Richard Schragger (Virginia): Is a Progressive City Possible? Reviving Urban Liberalism for the Twenty-First Century. Gianpaolo Baiocchi (NYU), Alissa Cordner (Whitman), and Elizabeth A Bennett, Peter Taylor Klein, and Stephanie Savell (Brown): The Civic Imagination: Political Culture in Contemporary American Cities. Dysfunctions and divisions of Israel’s largest city: Yonatan Mendel diagnoses the incoherent urbanism produced by its history of occupation and segregation, and by the vast, settlement-driven distension of its boundaries after 1967. Could a private university have made a difference in Detroit? Brad Plumer on the 20 cities that have the most to lose from rising sea levels. A beacon of hope: John Patrick Pullen on how a dying city glows with optimism over its plan for a giant lava lamp. Can one man change the shape of an entire city? Emily Badger investigates. A love letter to small-town America, Local Quarterly is the New York-based magazine that sets off to discover the stories of a different town each issue. John Quiggin on cronyism and the global city (again). Richard Florida on how the most famous models for how cities grow are wrong. Fergus Alexander reviews A History of Future Cities by Daniel Brook. How many gentrification critics are actually gentrifiers themselves? Ron Johnston reviews Cities: An Environmental History by Ian Douglas. The Manchester model: When considering cities, never underestimate the importance of football and pop music.
From Google’s Think Quarterly, a special issue on the idea of openness. It’s simply presumed to be a positive when a president shows “strength” by “not changing his mind”, and it’s simply presumed to be a negative when he shows “weakness” by changing course in midstream — that’s “indecisive”, and that’s bad, you see. Women are covering the hell out of the Syria War, so why haven’t you noticed? Sheera Frenkel wants to know. Jargon — it’s not the business world’s fault: Joshua J. Friedman on why we blame the wrong people for our most annoying phrases. Laura Beck: “Writing about Fashion Week has made me feel like shit about myself”. Tyler Cowen on a simple theory of recent American intellectual history. David A. Graham on how a small team of Democrats defeated Larry Summers — and Obama. Ezra Klein on five reasons Obama should name Janet Yellen to chair the Federal Reserve. With the October 1 implementation of the Affordable Care Act looming, conservatives are doubling down on their efforts to stop it yet again — a diagnosis of their peculiar (but not completely illogical) obsession. Jonathan Cohn on five things we know about Obamacare — and one we don't (and more). From Buzzfeed, a lot of people are very upset that an Indian-American woman won the Miss America Pageant (and more); and confessions of a former toddler in a tiara: Ashley McCollum on a defense of the beauty pageant. Alex Balk on the utter tragedy of modern Western existence unwittingly summed up in 15 words.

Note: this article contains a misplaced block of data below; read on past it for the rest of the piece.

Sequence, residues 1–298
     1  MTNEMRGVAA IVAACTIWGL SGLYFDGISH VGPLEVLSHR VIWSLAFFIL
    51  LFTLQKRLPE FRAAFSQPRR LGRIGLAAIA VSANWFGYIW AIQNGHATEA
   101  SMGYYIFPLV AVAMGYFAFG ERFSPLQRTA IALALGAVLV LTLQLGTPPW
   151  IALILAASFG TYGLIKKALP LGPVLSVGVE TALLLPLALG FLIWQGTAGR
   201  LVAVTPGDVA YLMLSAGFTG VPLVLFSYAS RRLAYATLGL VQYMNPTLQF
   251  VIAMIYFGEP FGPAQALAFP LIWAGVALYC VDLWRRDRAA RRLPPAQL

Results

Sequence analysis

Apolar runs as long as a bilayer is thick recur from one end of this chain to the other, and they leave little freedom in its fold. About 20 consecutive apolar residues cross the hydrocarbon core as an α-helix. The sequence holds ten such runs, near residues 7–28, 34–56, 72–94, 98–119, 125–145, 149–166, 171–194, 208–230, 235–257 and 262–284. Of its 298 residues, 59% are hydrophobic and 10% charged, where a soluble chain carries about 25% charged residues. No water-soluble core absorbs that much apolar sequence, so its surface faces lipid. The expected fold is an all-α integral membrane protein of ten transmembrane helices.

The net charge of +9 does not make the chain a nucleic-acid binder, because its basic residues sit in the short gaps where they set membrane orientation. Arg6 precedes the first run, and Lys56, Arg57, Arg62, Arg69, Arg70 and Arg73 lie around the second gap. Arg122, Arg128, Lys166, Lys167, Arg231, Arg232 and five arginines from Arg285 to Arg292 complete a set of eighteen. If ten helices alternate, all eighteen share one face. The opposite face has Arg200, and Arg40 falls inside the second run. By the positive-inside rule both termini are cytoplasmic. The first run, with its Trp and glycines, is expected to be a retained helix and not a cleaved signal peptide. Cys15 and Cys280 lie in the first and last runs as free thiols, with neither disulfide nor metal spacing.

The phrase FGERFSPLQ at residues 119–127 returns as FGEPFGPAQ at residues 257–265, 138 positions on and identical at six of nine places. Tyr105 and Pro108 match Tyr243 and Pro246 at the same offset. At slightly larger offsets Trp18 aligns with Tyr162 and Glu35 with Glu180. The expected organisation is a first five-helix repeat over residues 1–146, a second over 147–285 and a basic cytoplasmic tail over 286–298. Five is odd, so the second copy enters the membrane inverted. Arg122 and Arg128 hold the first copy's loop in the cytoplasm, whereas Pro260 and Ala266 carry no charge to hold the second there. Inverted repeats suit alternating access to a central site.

From Reason, Nick Gillespie and Matt Welch interview George Will on Obama, Syria, and the power of choice; and Matt Welch interviews Matt Kibbe: “This is the libertarian moment”. Mark Ames on the true history of libertarianism in America: A phony ideology to promote a corporate agenda. Matt Bruenig on libertarianism's battle with history: The creeping expansion of free market tendencies always comes up against the forces of individuals fighting for their own freedoms and keeping the economic system in check. Is libertarianism impossible? Marcus Hunt on the empty promises of individual freedom. Nick Hanauer and Eric Liu on why libertarians are the new communists. Alex Ruthrauff on how Ayn Rand Nation: The Hidden Struggle for America’s Soul, by Gary Weiss, is a good read even if you are fully, horribly aware that Rand’s fevered visions of utopian feudalist capitalism are even now being advanced as mainstream “principled” conservative economic thinking. John Mackey on why he’s not an Ayn Rand libertarian. RJ Eskow on 11 questions you should ask libertarians to see if they're hypocrites — there’s an easy way to find out. Paul of the Wild: Ron Paul may be out of office, but he's still trying to save the country from itself. Is Ron Paul a political liability for his son? Keith Wagstaff wonders. Peter Suderman on the endless lives of Iain M. Banks: The late science fiction novelist grappled with a fundamental existential — and libertarian — question.